Background and working hypothesis: in spite of the great advances in the assisted reproductive techniques, the implantation rates are still very low, this may be related with the state of the uterine epithelium. Oxidative stress and free radicals can induce biochemical and physiological changes in endometrial cells, inducing antiendometrial autoimmune responses, data that we have already published. The treatment of infertile patients with antioxidant agents can restablish the endometrial receptivity and increase the pregnancy rates. Goals: 1) to evaluate oxidative stress in an endometrial cell line and the effect of antioxidant agents in the interaction embryo-endometrium 2) to establish an animal model to measure oxidative stress in vivo, related to fertility 3) to evaluate oxidative stress markers in human endometrium from infertile patients 4) to assess the antioxidant ability of vitamin E and other flavonoids in women recruited for in vitro fertilization (IVF). Methods: cellular stress will be evaluated by several molecules: free radicals, nitric oxid, apoptosis related molecules. Cytokines will be measured by RT-PCR. The antioxidant ability of some flavonoids will be assessed at a cellular level embryo-endometrium and in a mouse model in vivo. The selected antioxidants will be used in infertile women following an in vitro fertilization program, by the implantation rate. Expected results: to find oxidative damage in endometrial cells and/or in embryos from infertile women. The use of antioxidative treatment will improve the pregnancy rates in assisted reproduction, particularly in IVF. Expected potential impact: this procedure will improve the pregnancy rate in IVF infertile women, and the cost and time will be shortened.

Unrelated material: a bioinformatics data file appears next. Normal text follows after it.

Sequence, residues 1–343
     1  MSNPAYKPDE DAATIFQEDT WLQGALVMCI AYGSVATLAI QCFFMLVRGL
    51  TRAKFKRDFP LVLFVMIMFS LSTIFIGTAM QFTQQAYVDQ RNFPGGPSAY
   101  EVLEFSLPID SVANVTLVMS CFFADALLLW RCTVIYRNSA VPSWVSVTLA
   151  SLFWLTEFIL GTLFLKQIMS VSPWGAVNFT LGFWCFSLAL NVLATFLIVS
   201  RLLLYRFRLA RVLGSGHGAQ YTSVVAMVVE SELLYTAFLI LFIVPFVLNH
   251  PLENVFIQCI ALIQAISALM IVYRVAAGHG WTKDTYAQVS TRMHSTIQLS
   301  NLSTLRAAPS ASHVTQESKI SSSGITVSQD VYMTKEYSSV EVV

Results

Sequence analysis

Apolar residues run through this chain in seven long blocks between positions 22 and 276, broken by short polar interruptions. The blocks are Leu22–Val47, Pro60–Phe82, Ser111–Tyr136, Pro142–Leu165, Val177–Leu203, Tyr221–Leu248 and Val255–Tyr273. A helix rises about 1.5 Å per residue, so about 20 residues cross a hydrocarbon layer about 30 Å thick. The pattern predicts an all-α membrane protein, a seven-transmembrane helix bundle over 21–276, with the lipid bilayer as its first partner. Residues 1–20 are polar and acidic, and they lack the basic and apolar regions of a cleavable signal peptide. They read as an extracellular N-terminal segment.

|Effective start/end date||29/11/03 → 28/11/06|
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